Sustaining exercise

It’s likely that you’ll have a high level of enthusiasm when you start your new exercise programme, but this may well diminish in the weeks and months that follow. Exercising can be boring, tiring and uncomfortable. But there are some easy steps you can take to make it easier on yourself:

  • It doesn’t have to be a chore. Nobody is forcing you to do this. Remember, you are doing it because you want to.
  • Remember activities such as walking or cycling to work will count towards your daily exercise, as will using the stairs rather than the lift or escalator.
  • You can also build exercise into your other activities. Dancing and heavy gardening count as exercise.
  • Choose an exercise activity that you enjoy. There’s no point doing something that you don’t like. Similarly, if you are going to a gym, choose one that you feel comfortable using.
  • Set goals that are achievable, and record your progress.
  • Try to prioritise exercise. Don’t treat it as a fringe, optional activity.
  • Try and exercise with other people. Becoming a member of a running, swimming or other sporting club can be a great way of exercising with people. Don’t feel intimidated - there will be members of all abilities.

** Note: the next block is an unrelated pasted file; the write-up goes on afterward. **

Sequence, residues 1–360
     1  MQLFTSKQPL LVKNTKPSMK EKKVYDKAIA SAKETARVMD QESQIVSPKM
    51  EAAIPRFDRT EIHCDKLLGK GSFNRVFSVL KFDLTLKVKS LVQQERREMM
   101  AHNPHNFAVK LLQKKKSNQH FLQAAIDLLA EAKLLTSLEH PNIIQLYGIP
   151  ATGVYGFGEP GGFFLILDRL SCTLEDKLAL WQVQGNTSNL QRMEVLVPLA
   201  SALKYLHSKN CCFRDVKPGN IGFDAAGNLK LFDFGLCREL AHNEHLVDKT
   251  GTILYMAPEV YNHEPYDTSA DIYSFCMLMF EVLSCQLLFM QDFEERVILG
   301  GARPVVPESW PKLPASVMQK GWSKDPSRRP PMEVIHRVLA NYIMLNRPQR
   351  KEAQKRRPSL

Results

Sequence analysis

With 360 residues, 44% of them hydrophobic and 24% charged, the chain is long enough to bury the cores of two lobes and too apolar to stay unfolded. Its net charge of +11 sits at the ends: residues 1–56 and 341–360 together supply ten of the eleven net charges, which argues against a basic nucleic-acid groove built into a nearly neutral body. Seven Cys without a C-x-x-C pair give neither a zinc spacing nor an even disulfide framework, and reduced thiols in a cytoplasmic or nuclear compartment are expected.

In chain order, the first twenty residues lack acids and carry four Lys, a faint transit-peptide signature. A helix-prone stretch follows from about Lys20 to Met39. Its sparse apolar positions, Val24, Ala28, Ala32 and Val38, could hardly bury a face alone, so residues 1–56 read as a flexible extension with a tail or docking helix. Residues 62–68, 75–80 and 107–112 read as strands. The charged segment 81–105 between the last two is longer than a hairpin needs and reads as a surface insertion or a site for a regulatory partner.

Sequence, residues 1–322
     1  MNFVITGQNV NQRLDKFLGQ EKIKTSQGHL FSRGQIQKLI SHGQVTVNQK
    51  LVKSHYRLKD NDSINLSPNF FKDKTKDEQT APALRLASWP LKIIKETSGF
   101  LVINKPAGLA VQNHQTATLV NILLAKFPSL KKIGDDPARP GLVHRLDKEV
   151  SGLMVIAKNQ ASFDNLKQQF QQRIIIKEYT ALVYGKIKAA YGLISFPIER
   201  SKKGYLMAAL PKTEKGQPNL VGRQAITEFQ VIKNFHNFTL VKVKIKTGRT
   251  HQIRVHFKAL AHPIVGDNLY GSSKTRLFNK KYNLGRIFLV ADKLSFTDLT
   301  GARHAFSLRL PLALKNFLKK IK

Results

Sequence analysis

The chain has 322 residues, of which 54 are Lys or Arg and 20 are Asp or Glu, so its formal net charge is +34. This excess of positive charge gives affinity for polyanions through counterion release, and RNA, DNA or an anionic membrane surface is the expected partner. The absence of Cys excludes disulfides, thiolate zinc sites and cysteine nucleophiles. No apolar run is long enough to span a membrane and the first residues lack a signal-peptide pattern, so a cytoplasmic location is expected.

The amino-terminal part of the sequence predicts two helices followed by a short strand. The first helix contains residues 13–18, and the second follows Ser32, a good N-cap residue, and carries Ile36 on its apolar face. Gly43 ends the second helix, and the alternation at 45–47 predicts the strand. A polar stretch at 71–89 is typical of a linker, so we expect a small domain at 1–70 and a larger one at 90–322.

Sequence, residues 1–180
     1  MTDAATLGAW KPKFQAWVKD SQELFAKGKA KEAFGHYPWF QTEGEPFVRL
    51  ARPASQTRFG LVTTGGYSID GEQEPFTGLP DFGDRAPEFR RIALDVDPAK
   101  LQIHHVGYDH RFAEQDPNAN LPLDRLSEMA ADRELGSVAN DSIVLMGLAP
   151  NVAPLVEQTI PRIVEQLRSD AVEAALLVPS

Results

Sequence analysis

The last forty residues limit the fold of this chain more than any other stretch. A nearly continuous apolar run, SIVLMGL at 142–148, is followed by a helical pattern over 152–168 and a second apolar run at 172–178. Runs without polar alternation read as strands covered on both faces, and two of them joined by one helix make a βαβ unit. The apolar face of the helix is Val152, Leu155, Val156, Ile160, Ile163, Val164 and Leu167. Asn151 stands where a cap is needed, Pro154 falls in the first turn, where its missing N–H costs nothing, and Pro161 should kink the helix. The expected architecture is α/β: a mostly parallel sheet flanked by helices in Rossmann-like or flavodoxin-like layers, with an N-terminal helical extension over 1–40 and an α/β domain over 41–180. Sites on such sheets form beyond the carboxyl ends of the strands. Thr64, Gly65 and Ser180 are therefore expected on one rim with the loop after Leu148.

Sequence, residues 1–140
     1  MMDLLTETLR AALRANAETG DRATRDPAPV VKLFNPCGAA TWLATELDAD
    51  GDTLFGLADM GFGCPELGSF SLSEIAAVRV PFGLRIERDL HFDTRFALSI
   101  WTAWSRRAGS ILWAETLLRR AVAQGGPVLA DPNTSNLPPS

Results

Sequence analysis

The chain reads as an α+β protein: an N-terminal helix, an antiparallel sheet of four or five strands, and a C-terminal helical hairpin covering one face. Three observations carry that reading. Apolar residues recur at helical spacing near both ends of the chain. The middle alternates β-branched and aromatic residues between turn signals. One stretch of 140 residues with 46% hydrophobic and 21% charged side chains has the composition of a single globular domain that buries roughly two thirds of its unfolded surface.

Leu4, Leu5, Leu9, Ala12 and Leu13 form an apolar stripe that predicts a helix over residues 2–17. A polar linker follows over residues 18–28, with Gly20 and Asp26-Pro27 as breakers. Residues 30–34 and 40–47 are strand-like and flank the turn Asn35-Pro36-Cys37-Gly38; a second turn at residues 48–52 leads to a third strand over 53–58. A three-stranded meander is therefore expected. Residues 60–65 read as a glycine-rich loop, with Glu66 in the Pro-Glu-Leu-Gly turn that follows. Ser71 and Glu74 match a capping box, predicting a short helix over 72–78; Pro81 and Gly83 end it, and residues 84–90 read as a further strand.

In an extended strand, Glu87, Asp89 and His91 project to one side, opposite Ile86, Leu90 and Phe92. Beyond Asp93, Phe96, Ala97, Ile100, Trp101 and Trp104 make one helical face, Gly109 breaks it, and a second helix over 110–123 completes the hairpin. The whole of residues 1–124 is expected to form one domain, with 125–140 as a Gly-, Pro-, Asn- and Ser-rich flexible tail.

• Don’t punish yourself or feel guilty if you miss a session or do less than you hoped. You can always go back another day.
  • Don’t exercise if you are ill or feel unwell. It will probably do you more harm than good.
  • Vary your exercise routine.
  • Allow yourself regular days off. Your body needs time to recover and benefit from exercise. If you’ve been exercising regularly, an annual two-week holiday with no exercise won’t do you any harm at all.

There are lots of tips on choosing and sustaining different types of exercise on the NHS Choices website.

Contact NAM to find out more about the scientific research and information used to produce this section.

This content was checked for accuracy at the time it was written. It may have been superseded by more recent developments. NAM recommends checking whether this is the most current information when making decisions that may affect your health.
Community Consensus Statement on Access to HIV Treatment and its Use for Prevention

Together, we can make it happen

We can end HIV soon if people have equal access to HIV drugs as treatment and as PrEP, and have free choice over whether to take them.

Launched today, the Community Consensus Statement is a basic set of principles aimed at making sure that happens.

The Community Consensus Statement is a joint initiative of AVAC, EATG, MSMGF, GNP+, HIV i-Base, the International HIV/AIDS Alliance, ITPC and NAM/aidsmap